I have no doubt that if you read this book you may get something entirely different out of it. Maybe it will inspire you to sew or knit. Or maybe it will just make you smile and appreciate how good the simplicity of life with children can be.

August 18, 2011

high school is hard and here are THIRTEEN REASONS WHY

When I think about teasing in school, there are two incidents that come to mind immediately. The first one was 4th grade, when I got glasses. I was SO excited about my glasses and a girl called me “four-eyes”. She was my friend and I think she was just trying to tease me and say something funny. I took it as a compliment. My teacher took it as an insult, though, and talked to her about it. I thought that was ridiculous.

About two years later, I was in the middle school girls’ bathroom when two more girls came rushing in. One was in tears. Sobbing hysterically; I thought someone might have died. When I figured out what was wrong, though, it turned out that one of the boys had called her flat-chested–I forget the terminology he used, but he got the point across. I had no idea how to respond. I really, really, had no idea why she was upset. Because one of the boys said her boobs were small? Really?

That should give you a good picture of me. That’s the nerd I was in middle school (yeah, right, like I’ve changed…)  :), and let me tell you, there are a lot of advantages to traveling socially-unaware through middle and high school in between the cliques and the put-downs.

This book is about someone who wasn’t as lucky. This is about someone who travels right in the middle of the social circles, who tries hard to fit in and who gets trampled on again and again. This is about someone who couldn’t take it anymore. Specifically, it’s about a girl who kills herself and leaves behind a set of tapes explaining why.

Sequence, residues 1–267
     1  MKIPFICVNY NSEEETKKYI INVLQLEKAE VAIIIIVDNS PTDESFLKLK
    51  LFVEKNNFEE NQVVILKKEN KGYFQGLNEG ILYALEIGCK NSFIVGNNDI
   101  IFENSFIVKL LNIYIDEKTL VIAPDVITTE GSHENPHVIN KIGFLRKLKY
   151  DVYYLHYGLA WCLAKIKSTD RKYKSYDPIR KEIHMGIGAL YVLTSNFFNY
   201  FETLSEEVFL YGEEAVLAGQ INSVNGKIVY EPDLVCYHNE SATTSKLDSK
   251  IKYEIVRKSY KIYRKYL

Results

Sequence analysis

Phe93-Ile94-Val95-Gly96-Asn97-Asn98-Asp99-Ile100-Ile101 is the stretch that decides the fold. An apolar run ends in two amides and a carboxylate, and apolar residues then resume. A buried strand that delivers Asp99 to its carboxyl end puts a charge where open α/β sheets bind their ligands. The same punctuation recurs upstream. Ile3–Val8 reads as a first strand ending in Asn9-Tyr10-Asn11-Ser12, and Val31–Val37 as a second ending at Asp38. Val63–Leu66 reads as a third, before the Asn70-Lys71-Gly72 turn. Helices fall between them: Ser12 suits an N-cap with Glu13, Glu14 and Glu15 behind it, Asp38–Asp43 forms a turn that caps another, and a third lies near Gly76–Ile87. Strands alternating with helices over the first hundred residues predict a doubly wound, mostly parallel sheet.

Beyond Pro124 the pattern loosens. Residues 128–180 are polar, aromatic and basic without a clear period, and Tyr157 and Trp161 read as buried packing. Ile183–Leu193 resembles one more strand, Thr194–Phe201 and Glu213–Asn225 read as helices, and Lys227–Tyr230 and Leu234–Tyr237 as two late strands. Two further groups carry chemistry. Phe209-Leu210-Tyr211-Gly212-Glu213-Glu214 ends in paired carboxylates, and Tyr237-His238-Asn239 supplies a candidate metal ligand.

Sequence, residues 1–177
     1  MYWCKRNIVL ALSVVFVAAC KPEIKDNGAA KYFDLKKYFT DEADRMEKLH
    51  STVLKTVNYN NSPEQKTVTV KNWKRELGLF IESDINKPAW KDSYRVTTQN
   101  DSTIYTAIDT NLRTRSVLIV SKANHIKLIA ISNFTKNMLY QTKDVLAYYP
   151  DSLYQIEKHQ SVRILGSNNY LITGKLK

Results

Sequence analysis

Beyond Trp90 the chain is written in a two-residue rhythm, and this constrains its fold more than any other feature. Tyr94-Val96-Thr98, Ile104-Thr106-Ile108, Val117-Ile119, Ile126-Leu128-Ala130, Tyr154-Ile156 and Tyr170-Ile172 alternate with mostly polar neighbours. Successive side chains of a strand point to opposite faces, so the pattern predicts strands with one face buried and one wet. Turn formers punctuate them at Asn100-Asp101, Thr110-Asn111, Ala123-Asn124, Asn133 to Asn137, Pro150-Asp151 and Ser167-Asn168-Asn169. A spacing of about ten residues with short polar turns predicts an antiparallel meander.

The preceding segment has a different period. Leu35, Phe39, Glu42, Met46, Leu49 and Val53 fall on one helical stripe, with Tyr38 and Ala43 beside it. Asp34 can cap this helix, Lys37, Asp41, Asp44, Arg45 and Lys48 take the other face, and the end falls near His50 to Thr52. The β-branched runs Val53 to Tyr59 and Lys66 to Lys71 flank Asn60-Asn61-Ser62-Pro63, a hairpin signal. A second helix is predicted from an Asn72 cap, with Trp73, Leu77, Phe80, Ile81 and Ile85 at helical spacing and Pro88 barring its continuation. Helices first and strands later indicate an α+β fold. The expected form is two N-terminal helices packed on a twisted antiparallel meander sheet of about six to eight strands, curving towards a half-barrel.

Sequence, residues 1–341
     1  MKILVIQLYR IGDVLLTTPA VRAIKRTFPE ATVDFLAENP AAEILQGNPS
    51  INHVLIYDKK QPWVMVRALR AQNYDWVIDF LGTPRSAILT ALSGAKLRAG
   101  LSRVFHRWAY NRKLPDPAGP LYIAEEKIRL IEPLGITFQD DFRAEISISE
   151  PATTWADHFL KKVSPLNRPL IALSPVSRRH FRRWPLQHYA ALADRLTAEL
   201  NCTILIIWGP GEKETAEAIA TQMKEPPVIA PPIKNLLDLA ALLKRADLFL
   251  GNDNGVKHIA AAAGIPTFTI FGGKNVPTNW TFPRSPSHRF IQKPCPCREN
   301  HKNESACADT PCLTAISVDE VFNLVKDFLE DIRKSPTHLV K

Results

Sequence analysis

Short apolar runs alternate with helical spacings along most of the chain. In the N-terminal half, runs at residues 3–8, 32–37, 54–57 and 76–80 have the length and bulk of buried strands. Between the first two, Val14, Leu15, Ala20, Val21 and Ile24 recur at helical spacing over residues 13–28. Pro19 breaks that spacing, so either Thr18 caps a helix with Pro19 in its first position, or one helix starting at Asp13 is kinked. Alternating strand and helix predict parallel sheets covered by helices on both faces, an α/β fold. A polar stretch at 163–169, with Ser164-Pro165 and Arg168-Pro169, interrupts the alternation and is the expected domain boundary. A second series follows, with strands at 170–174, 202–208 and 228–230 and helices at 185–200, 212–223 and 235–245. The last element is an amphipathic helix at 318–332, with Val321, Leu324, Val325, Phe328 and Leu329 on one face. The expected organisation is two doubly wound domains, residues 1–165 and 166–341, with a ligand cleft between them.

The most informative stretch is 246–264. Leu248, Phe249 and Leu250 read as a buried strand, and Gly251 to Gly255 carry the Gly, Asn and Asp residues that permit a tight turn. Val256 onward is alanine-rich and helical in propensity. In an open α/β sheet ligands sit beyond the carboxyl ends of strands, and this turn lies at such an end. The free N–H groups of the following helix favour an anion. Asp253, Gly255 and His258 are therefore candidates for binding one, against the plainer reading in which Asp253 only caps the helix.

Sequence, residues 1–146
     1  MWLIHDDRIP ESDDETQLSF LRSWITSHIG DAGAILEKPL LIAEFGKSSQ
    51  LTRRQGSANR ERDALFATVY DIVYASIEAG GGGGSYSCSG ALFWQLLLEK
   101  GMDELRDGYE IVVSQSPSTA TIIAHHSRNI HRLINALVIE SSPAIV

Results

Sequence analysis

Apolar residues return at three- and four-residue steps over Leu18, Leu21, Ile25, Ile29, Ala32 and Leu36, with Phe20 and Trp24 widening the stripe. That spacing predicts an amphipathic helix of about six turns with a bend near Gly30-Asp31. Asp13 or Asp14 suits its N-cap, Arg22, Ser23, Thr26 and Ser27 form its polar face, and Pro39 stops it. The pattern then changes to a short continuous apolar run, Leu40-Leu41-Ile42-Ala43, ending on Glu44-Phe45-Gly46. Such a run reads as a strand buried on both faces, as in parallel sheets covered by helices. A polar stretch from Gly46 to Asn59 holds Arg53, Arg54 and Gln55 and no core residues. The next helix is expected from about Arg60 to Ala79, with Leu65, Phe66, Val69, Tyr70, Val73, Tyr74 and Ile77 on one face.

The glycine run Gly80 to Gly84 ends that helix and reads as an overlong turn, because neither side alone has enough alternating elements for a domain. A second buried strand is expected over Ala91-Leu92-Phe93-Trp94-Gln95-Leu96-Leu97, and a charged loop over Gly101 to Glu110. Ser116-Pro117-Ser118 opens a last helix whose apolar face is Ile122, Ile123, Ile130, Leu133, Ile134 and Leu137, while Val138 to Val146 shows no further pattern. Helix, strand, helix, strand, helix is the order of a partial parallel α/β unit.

Title: Thirteen Reasons Why
Author: Jay Asher
Genre: Realistic Fiction
Age:  Young Adult, 13 and up

Summary and Review:

Now, nothing is wrong. :) I’m not sure why I’m writing about two books about death right in a row (see my last post about the wonderful story each little bird that sings), but that’s just what I picked up recently. I’ve actually been avoiding this book for awhile now but saw it at a bookstore and decided it was time to read it. It sounds horribly depressing, but it isn’t. And even though the main character and one of the two narrator voices is actually dead (she killed herself before the book begins), it isn’t really about death. It’s more about high school and how we treat each other in high school.

The book is told from the point of view of a boy, one of the thirteen recipients of the tapes. He finds the tapes on his doorstep one day and starts listening. In horror, he realizes the voice he hears is of a girl he knew, a girl he was almost friends with, a girl he wished he had been closer to, narrating her experiences in high school as he walks along the paths she used to walk and visits the sites she used to visit.  He hears about the boy she kissed, the rumors about her that weren’t true, the way she was treated by her peers.